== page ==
All Library branches will be closed and the Mobile Library will not make its regularly scheduled stops on Monday, May 29, for Memorial Day.

The Library Center and Schweitzer Brentwood branch libraries will not have phone service Monday, May 29-Tuesday, May 30, due to maintenance. Please call (417) 865-1340 for assistance.

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Related Resources

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ARTICLE_DATE March, 06 2011 10:22:00
ARTICLE_DATE_STR 20110306
ARTICLE_DESCRIPTION Spring is just around the corner and we’re not the only ones stirring after a long, cold winter. . . .
ARTICLE_ID 1280
ARTICLE_STATUS published
ARTICLE_TEXT <p>Spring means an end to hibernation, the return of many migrating species and the beginning of the breeding season for many Missouri animals. In addition, the muddy ground and leftover snow provides optimal conditions for spotting animal prints. The <a href="http://mdc.mo.gov/">Missouri Department of Conservation</a> offers an <a href="http://mdc.mo.gov/discover-nature/wildlife-sightings/animal-autographs">online guide to animal tracks</a> to help you identify the prints of some common creatures. While you&rsquo;re there, be sure to check out their <a href="http://mdc.mo.gov/discover-nature/field-guide">online field guide</a> and interactive feature, &ldquo;<a href="http://mdc.mo.gov/discover-nature/field-guide/search">What Plant or Animal is That</a>?&rdquo; to find out if that furry brown critter was a badger, a beaver or a woodchuck.</p> <p>Before heading out on your next nature walk, brush up with these books available from the <a href="http://thelibrary.org/about/hours.cfm?src=m">Springfield-Greene County Library</a>:</p> <ul> <li><a href="http://coolcat.org/record=b2319805~S1">Scats and Tracks of the Midwest: a Field Guide to the Signs of Seventy Wildlife Species</a> by James C. Halfpenny</li> <li><a href="http://coolcat.org/record=b2034278~S1">Animal Tracks of Missouri &amp; Arkansas</a> by Tamara Eder</li> <li><a href="http://coolcat.org/record=b1926747~S1">The Wild Mammals of Missouri</a> by Charles W. Schwartz and Elizabeth R. Schwartz</li> </ul> <p>Birdwatchers will want to visit the <a href="http://www.greaterozarksaudubon.org/">Greater Ozarks Audubon Society</a> web page for a detailed list of <a href="http://www.greaterozarksaudubon.org/locations.html">area birding locations</a> and a <a href="http://www.greaterozarksaudubon.org/fieldtrips.html">field trip schedule</a>. You can keep track of your sightings with their downloadable checklist, &ldquo;<a href="http://www.greaterozarksaudubon.org/cklist.pdf">The Birds of the Greater Springfield Area</a>&rdquo;. You may also be interested in the following library resources:</p> <ul> <li><a href="http://coolcat.org/record=b2189709~S1">Missouri Bird Watching: a Year-Round Guide</a> by Bill Thompson, III, and the staff of Bird Watcher's Digest</li> <li><a href="http://coolcat.org/record=b1911191~S1">Birds of Missouri Field Guide</a> by Stan Tekiela</li> <li><a href="http://coolcat.org/record=b1910281~S1">Missouri Bird Calls</a> (CD) by the Missouri Department of Conservation</li> </ul> <p>Nothing promises the arrival of warmer weather like the appearance of the first wildflowers. From roadsides to forests, Missouri has more than 2,000 native flowering plants. Find out what&rsquo;s sprouting in your backyard with these guides:</p> <ul> <li><a href="http://coolcat.org/record=b1676435~S1">Missouri Wildflowers: a Field Guide to Wildflowers of Missouri</a> by Edgar Denison</li> <li><a href="http://coolcat.org/record=b2207019~S1">Missouri Trees &amp; Wildflowers: an Introduction to Familiar Species</a> by James Kavanagh</li> <li><a href="http://coolcat.org/record=b2559566~S1">National Wildlife Federation Field Guide to Wildflowers of North America</a> by David M. Brandenburg</li> </ul> <p>&nbsp;</p>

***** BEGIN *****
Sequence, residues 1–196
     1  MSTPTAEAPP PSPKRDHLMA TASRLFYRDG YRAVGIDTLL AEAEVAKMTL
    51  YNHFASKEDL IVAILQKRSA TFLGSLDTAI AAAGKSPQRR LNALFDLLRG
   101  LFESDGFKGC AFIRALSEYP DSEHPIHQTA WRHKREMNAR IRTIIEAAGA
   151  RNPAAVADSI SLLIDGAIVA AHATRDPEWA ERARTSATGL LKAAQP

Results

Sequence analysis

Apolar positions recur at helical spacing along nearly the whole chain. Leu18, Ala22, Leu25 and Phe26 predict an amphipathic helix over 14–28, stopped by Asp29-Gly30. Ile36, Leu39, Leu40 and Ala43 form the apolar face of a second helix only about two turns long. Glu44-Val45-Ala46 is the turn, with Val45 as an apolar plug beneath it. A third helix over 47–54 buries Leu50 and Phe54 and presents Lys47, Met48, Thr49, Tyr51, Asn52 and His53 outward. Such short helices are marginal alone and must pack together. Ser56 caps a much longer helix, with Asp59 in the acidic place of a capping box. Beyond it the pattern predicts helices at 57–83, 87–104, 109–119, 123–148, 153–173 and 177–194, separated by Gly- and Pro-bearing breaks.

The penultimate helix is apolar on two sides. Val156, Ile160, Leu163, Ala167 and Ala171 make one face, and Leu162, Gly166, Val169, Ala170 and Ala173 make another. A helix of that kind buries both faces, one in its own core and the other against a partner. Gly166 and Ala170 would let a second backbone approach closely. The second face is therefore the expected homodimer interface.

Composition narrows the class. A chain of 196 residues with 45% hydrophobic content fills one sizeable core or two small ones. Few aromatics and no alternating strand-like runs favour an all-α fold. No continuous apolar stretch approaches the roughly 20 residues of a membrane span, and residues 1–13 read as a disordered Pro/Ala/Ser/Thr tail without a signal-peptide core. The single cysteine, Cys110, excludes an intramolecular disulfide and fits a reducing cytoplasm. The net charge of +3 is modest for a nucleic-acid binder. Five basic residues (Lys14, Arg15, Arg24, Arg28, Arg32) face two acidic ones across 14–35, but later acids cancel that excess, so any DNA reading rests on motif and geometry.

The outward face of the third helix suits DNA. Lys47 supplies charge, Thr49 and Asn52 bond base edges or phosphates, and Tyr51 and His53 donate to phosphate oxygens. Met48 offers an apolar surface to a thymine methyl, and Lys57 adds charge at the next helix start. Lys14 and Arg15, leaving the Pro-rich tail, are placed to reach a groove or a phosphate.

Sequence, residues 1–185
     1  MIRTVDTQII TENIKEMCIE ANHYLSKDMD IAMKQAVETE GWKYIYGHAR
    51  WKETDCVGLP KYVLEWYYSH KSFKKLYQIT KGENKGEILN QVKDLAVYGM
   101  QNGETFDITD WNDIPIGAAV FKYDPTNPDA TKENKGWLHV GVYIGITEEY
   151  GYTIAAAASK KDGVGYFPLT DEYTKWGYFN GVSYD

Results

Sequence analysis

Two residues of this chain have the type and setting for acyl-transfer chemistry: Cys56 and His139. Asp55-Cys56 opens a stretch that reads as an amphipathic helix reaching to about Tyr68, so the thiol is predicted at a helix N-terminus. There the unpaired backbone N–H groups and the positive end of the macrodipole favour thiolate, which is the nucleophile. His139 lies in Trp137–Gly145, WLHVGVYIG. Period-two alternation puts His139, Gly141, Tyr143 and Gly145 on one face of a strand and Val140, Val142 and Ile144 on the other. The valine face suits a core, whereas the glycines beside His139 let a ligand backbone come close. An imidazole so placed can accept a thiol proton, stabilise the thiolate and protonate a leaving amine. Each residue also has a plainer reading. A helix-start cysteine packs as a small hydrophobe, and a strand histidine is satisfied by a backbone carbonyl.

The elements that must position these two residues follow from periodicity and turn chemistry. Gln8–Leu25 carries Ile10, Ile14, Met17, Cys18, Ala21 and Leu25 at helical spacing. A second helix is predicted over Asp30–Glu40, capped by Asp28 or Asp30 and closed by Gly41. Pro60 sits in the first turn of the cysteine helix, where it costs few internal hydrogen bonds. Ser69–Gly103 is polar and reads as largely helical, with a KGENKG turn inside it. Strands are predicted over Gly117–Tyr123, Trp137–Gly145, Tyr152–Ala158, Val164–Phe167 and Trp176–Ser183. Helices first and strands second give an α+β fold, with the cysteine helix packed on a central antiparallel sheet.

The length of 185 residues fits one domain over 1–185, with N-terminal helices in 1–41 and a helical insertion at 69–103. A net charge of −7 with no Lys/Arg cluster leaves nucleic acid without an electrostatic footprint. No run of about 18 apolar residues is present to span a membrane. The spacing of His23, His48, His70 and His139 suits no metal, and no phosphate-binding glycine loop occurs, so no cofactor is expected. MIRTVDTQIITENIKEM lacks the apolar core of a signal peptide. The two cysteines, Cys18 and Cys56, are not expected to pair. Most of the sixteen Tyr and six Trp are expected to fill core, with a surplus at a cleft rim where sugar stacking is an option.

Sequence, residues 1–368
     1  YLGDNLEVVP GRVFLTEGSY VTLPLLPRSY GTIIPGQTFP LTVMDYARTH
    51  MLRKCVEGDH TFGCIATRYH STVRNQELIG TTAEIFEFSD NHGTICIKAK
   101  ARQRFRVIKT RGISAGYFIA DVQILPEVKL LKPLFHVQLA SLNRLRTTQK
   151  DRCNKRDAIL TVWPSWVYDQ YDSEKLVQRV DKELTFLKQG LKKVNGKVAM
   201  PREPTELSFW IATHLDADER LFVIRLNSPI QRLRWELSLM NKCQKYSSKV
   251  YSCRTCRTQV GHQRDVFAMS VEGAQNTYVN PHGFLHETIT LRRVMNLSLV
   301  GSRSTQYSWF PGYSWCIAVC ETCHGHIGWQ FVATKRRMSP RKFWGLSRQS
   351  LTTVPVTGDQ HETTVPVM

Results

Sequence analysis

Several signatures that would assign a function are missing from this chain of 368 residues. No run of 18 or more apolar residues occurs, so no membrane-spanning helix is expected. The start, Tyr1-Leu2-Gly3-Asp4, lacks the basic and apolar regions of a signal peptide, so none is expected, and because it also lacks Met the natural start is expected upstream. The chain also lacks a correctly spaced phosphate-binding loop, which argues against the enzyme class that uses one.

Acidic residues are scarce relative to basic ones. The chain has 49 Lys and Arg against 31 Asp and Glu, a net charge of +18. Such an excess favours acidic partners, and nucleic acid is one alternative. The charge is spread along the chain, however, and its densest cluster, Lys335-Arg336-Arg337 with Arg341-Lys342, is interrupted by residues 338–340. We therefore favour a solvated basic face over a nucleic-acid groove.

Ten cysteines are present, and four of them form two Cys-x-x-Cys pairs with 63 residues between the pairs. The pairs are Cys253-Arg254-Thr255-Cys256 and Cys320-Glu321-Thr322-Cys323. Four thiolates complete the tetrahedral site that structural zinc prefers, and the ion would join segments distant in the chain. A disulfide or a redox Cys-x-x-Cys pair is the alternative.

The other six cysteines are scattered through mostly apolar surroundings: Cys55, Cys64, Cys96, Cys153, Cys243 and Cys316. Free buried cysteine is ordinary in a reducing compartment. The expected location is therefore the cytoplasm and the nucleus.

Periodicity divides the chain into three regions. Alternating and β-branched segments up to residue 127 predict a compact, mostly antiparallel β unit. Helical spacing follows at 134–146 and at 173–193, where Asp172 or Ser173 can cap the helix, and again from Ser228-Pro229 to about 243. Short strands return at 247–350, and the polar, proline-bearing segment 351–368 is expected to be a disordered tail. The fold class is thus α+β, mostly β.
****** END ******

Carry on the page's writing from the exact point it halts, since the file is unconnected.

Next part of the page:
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Science

Wildlife Watching

Spring means an end to hibernation, the return of many migrating species and the beginning of the breeding season for many Missouri animals. In addition, the muddy ground and leftover snow provides optimal conditions for spotting animal prints. The Missouri Department of Conservation offers an online guide to animal tracks to help you identify the prints of some common creatures. While you’re there, be sure to check out their online field guide and interactive feature, “What Plant or Animal is That?” to find out if that furry brown critter was a badger, a beaver or a woodchuck.

Before heading out on your next nature walk, brush up with these books available from the Springfield-Greene County Library:

Birdwatchers will want to visit the Greater Ozarks Audubon Society web page for a detailed list of area birding locations and a field trip schedule. You can keep track of your sightings with their downloadable checklist, “The Birds of the Greater Springfield Area”. You may also be interested in the following library resources:

Nothing promises the arrival of warmer weather like the appearance of the first wildflowers. From roadsides to forests, Missouri has more than 2,000 native flowering plants. Find out what’s sprouting in your backyard with these guides:

 


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